Cultural Wednesday: Anti-Nationalism

When I lived in Germany, I had a moment of holy-shit realization while walking home alone one night.

There are no flags flying. 

I was shuffling through my university campus, holding my jacket tighter and trying not to trip over a mole hill, as this constant rhythm followed me. Clink … clink … clink … I looked up and there stood an empty flag pole, not a strip of cloth on it.

I thought about it the whole walk home.

In the US, flags fly everywhere. Literally. On people’s porches. Schools. Tailgates. Car side mirrors. College dorm room windows. Basement meeting rooms. Churches.

The US national flag is everywhere. 

America is proud of its Stars and Stripes. We sing songs about it. We have heated debates about punishing people who “desecrate” it. We plaster it all over things—candy, shower curtains, shoes, underwear.

Germany does not do that.

The German national flag does not whip proudly in the wind at every government funded building. It does not lay limp on a humid day in front of the local Texaco. It is not strung up across someone’s window as statement decor.

Why? Because Germans still sit in the shadow of their country’s actions during WWII.

Nationalism was the currency of the Third Reich. Hitler set out to make Germany great again after the Treaty of Versailles, when Germany was held solely responsible for WWI and was required to pay for the damages incurred. (Which was dumb because Germany was not the sole country responsible).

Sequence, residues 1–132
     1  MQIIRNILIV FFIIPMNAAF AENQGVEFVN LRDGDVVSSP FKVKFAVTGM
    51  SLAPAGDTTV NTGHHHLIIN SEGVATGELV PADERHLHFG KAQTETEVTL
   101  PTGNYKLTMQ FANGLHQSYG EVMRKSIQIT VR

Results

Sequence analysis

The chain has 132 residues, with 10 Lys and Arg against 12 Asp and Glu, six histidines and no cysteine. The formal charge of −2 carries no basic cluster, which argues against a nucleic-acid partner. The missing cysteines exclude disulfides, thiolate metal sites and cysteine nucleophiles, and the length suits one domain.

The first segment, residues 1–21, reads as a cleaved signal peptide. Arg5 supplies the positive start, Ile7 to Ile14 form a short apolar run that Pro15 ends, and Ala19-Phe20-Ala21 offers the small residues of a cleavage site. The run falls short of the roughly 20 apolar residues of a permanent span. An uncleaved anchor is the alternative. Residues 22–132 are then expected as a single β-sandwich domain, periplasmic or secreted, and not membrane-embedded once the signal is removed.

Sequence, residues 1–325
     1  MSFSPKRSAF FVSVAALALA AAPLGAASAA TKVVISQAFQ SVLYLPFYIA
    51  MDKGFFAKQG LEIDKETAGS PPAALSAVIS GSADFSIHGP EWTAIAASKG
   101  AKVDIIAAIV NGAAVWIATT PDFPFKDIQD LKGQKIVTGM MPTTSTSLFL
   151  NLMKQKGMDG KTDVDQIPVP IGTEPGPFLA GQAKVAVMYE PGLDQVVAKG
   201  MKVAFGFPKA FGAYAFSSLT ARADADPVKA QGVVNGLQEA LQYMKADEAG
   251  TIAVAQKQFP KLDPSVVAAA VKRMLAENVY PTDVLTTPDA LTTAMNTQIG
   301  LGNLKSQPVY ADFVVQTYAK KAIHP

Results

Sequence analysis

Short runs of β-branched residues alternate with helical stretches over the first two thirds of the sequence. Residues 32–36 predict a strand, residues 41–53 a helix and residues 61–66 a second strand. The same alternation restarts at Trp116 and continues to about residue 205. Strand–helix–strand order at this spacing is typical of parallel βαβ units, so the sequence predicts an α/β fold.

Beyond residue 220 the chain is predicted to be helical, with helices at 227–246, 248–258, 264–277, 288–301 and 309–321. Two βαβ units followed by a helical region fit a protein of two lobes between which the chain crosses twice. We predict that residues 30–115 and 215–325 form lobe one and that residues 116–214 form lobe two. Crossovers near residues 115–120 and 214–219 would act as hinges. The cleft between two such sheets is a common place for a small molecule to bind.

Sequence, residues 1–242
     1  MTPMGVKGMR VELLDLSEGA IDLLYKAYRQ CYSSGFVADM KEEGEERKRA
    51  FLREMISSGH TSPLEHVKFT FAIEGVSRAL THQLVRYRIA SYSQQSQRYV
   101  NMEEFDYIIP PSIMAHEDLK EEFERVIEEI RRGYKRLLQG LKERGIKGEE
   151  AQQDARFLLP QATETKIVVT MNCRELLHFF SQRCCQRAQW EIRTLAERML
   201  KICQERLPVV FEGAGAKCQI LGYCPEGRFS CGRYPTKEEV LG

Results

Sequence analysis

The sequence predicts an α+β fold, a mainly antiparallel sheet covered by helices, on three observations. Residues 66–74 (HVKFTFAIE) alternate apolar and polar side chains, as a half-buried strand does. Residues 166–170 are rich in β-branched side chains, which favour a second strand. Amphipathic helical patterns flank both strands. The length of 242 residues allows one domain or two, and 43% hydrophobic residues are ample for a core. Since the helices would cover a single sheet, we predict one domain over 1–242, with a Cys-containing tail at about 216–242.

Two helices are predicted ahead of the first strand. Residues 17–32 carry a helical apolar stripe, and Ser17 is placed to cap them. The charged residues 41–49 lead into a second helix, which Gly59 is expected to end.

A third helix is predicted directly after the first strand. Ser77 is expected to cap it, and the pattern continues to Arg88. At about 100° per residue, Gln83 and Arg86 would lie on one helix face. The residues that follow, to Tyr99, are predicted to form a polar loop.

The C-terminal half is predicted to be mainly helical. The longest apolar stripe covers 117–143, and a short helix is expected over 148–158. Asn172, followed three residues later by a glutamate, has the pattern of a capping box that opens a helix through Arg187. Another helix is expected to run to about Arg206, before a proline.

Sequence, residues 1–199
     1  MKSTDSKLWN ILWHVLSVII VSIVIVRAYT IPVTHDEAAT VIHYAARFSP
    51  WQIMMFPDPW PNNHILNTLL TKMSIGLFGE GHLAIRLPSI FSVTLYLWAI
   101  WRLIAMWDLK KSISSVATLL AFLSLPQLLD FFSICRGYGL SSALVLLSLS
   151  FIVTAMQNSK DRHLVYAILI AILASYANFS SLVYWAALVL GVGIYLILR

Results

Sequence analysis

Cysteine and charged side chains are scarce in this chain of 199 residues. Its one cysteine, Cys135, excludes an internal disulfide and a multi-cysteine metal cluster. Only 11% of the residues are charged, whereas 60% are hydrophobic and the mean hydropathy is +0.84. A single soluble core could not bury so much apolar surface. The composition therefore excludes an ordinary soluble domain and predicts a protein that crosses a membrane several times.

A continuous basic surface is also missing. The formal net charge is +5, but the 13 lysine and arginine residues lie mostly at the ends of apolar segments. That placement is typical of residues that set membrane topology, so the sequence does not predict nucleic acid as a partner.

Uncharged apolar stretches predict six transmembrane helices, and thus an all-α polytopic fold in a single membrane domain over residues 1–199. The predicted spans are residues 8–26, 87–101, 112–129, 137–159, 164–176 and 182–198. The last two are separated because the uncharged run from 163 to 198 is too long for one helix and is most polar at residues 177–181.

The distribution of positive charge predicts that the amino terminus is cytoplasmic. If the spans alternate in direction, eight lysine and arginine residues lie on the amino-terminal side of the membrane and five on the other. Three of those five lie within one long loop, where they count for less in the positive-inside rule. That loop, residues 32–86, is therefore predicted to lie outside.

A downtrodden populace that couldn’t afford bread because of the outrageous inflation of the Deutsche Mark elected the leader/party that was for the people and promised to take the country back to its former glory.

Of course, they didn’t know it’d be at the cost of millions of lives.

Now, 70+ years later, and Germany still feels the weight of responsibility for the actions of a generation that has almost passed out of existence. Their sense of national pride has dwindled to small space of acceptability—the World Cup and the Olympics. Plus a few more venues, like government buildings.

The patriotism we take for granted in the U.S. is frowned upon nationalism in Germany.

In America, patriotism is instilled in us since our first steps to our life choices, and is the filter through which we view the world. Whereas in Germany, nationalism is the lens through which they view themselves. They recognize, every day, the role they took in WWII and the Holocaust. How can they not when the whole world, themselves included, reminds them via memorials, literature, history lessons, old concentration camps, and pop culture?

And all this has led to a flag pole flying nothing but air.

 

What do you think?

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